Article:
2017-10-doc6 Polak-Pannevis, Insolventierecht, 14e druk, 2017

De laatste 20 jaar verscheen van het boek Polak/Pannevis, Insolventierecht, om de 3 jaar een nieuwe druk. In september 2017 verscheen de 14e druk van het boek dat tot 2011 de titel ‘Faillissementsrecht’ had. Voorwaar een prestatie van formaat. De titel van het boek is wel, maar de opzet is niet gewijzigd. Dus wordt de gehele stof aan de hand van de Faillissementswet beschreven, en waar nodig wordt aanverwante wet- of regelgeving besproken, met veel aandacht voor rechtspraak van de Hoge Raad, maar ook lagere rechtspraak komt aan bod. Dit alles is verwerkt tot 1 mei 2017; een enkele actualiteit van daarna is nog verwerkt. Het accent ligt in het boek op het materiële insolventierecht. Aandacht is er zodoende voor alle belangrijke onderwerpen, van afkoelingsperiode, boedel, bestuurdersaansprakelijkheid, curator tot verrekening, verificatie, vereffening en wederkerige overeenkomsten. Ook wordt in enkele bladzijden de herschikte EU Insolventieverordening besproken. De bewerker geeft aan dat stapje voor stapje het insolventierecht wordt herschreven. Hij bespreekt onder meer de onlangs aangepaste onderdelen van de wet, zoals het civielrechtelijk bestuursverbod en de informatie- en meldings- dan wel aangifteplicht omtrent onregelmatigheden rond het faillissement.
Het boek kenmerkt zich door een systematisch samenvatting van wet en rechtspraak, die als toelichting daarop dient. Het heeft een gidsfunctie voor hen die zich binnen de studie of voor een beroep het insolventierecht eigen moeten maken. Het bevat uitvoerige registers op wetsartikelen, rechtspraak en trefwoorden, een voorbeeld van een uitdelingslijst en een lijst van afkortingen (waarin verrassenderwijs als afkorting voor mijn naam wordt gebruikt: BWS).
Het boek vormt een deugdelijke introductie tot het insolventierecht, maar een ‘inleiding’ is het, met ruim 500 bladzijden, niet. Dat maakt het weinig geschikt voor educatieve doeleinden. Het is een gedetailleerd naslagwerk, dat vaak wordt aangehaald, in de vakliteratuur en in conclusies genomen door het parket bij de Hoge Raad, hoewel het boek een kritische bespreking van de rechtspraak van de Hoge Raad, discussie met verschenen literatuur en beschouwend commentaar op wetgeving mist. Een voorbeeld. Naast de vanouds bestaande taak van beheer en vereffening van de boedel (art. 68 lid 1 Fw) van de curator heeft de ‘wet versterking positie curator’ per 1 juli 2017 geleid tot een op haar/hem rustende informatie- en meldings- dan wel aangifteplicht van (kortweg) faillissementsfraude (art. 68 lid 2 Fw). Een evaluatie van deze verplichting binnen de algemene taak van de curator, van de doelen die met deze nieuwe verplichting worden gediend (‘poortwachtersfunctie’) en de inherente spanning met het algemene crediteurenbelang dat met een faillissement centraal staat ontbreekt. Dat is jammer omdat daarom het boek daarom als leerboek voor universiteiten weinig geschikt is. Voor de rechtspraktijk dient het als beredeneerd compendium van wetgeving en rechtspraak. Voor het assisteren bij het oplossen van uitdagende, complexe vraagstukken is het boek door het gemis van verwerking van literatuur en commentaar niet goed bruikbaar. Het is spijtig dat de auteur, die vele jaren ervaring in het vakgebied heeft, niet de gelegenheid te baat heeft genomen om niet alleen de titel van het boek, maar ook de opzet van het boek te wijzigen en zijn eigen stempel te zetten.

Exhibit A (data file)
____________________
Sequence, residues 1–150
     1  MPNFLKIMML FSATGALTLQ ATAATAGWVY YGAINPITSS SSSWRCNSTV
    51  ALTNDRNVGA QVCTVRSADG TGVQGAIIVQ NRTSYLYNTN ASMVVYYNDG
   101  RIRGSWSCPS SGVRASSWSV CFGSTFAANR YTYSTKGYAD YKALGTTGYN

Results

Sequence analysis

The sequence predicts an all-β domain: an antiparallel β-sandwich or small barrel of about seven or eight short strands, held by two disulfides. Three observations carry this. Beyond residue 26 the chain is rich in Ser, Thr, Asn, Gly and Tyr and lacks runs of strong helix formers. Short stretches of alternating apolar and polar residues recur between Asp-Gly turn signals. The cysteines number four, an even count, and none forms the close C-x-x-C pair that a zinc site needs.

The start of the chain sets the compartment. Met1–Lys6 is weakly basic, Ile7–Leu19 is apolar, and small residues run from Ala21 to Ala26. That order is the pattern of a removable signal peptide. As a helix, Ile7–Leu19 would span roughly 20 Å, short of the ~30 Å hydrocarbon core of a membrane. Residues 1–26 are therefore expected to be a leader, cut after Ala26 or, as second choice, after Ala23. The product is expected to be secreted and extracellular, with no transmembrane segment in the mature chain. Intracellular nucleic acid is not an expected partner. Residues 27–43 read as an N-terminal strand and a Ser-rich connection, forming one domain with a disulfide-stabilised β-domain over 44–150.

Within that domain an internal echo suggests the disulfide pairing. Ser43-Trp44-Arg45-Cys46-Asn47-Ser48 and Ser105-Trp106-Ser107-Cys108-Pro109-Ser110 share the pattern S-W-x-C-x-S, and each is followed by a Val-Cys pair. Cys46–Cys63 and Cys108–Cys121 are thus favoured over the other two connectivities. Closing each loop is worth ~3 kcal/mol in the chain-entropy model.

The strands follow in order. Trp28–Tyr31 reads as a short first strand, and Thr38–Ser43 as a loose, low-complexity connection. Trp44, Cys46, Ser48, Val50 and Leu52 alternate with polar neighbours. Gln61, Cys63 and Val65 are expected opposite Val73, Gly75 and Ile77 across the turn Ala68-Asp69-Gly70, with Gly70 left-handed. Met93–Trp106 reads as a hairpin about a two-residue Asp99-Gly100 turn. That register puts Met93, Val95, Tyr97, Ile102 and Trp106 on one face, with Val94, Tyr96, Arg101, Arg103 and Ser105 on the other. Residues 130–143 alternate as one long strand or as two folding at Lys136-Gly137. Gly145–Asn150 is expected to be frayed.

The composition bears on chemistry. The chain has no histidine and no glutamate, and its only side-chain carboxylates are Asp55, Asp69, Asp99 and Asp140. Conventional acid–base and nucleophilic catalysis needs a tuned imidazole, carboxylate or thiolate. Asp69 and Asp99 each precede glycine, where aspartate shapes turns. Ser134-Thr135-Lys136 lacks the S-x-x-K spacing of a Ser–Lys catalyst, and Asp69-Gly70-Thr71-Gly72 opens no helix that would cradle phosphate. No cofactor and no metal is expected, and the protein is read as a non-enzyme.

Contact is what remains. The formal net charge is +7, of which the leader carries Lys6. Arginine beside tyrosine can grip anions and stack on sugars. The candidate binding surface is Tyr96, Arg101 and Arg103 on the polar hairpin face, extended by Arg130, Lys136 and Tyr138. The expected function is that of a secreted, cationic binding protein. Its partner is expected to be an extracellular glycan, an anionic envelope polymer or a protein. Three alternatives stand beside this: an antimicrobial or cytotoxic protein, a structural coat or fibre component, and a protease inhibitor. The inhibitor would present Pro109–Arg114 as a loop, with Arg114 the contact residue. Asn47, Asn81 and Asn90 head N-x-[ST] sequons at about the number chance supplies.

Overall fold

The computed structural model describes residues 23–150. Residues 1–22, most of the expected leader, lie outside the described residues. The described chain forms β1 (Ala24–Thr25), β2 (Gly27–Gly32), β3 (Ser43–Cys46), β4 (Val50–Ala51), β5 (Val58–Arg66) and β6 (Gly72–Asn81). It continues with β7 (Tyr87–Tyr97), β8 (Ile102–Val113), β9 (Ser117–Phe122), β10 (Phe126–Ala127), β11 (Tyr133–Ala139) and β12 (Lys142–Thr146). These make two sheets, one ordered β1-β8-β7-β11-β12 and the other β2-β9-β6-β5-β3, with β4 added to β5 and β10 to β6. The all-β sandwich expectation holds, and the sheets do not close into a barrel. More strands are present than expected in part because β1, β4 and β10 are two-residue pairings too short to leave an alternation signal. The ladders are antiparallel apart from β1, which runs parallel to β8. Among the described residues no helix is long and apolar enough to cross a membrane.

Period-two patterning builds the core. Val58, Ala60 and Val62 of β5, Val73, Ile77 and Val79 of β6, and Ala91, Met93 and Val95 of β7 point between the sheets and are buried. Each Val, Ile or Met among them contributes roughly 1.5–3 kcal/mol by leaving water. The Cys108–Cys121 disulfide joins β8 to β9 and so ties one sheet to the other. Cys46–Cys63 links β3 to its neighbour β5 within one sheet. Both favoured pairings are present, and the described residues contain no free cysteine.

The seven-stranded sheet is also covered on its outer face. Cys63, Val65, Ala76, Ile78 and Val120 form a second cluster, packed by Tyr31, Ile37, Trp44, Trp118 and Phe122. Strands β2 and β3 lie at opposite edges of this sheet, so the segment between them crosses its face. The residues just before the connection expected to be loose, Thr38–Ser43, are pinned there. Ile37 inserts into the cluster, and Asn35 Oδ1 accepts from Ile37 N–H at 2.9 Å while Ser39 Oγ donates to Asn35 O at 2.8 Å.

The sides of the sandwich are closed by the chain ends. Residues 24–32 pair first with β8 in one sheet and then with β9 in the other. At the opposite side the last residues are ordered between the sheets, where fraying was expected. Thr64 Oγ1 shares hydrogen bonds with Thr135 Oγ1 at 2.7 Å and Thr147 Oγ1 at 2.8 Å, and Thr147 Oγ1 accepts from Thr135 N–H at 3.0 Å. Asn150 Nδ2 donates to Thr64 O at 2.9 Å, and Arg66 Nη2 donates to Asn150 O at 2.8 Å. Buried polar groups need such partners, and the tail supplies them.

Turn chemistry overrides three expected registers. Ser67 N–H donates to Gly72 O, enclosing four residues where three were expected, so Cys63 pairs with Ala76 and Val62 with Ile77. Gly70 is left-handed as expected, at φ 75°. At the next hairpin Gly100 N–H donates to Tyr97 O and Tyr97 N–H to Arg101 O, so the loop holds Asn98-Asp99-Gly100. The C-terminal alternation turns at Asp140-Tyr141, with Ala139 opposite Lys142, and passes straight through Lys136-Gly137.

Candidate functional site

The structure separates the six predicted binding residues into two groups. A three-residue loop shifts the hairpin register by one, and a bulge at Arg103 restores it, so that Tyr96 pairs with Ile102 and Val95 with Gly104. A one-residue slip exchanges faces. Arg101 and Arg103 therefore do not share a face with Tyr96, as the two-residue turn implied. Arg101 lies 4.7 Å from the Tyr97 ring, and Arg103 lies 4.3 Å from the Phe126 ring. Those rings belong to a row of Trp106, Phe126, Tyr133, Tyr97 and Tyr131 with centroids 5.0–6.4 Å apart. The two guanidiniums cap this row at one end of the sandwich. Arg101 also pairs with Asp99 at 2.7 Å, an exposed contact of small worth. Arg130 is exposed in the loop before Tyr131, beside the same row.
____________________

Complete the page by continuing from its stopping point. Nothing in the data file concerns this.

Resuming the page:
N.J. Polak, Insolventierecht, bewerkt door M. Pannevis, 14e druk, Deventer: Wolters Kluwer 2017. Nadere informatie via https://www.wolterskluwer.nl/shop/boek/insolventierecht/NPINSOREC/

 

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2017-10-doc5 Regeerakkoord 2017-2021 over aanpak schulden

In het regeerakkoord 2017-2021 staat onder de kop ‘Zekerheid en kansen in een nieuwe economie’ op p. 27 een hoofdstuk, getiteld ‘Terugdringen van schulden en armoede’. De passages luiden als volgt (nummering heb ik erbij gezet):
“Eén op de tien huishoudens heeft problematische schulden. Daarnaast loopt een grote groep het risico om problematische schulden te krijgen. Het kabinet wil het aantal mensen met problematische schulden terug dringen en mensen met schulden effectiever te helpen.
1 Schuldhulpverlening is en blijft een gemeentelijke verantwoordelijkheid. Via programmatische afspraken wenst het kabinet met gemeenten tot een vernieuwende schuldenaanpak en een verbeterd schuldhulpverleningstraject te komen. Hierbij kunnen de volgende thema’s aan bod komen:
1.1 Verbeteren van de (toegang tot) schuldhulpverlening, met kortere wachttijden.
1.2 Beter samenwerken met andere partijen om onnodig oplopen van schulden te voorkomen.
1.3 Voorkomen van uithuisplaatsingen, zeker als daar kinderen bij betrokken zijn.
1.4 Ruimte geven aan gemeenten om op lokaal niveau met vernieuwende aanpakken en maatwerk te experimenteren.

2 De overheid heeft als schuldeiser een bijzondere verantwoordelijkheid om onnodige vergroting van schulden te voorkomen. De overheid dient de beslagvrije voet te respecteren. Om escalatie van schulden te voorkomen, wordt meer ingezet op direct contact met schuldenaren. De stapeling van boetes vanwege
te laat betalen en bestuursrechtelijke premies wordt gemaximeerd. Mogelijkheden voor betalingsregelingen worden uitgebreid.

3 Bij incasso worden misstanden effectiever bestreden. De maximale incassokosten die in rekening mogen worden gebracht, worden gehandhaafd en er wordt bezien of het minimumbedrag omlaag kan. Er komt een incassoregister waarin incassobureaus worden opgenomen, die voldoen aan eisen met betrekking tot oprichting, bedrijfsvoering en opleiding. Indien een incassobureau te vaak de fout ingaat, wordt het beboet en verliest het de registratie.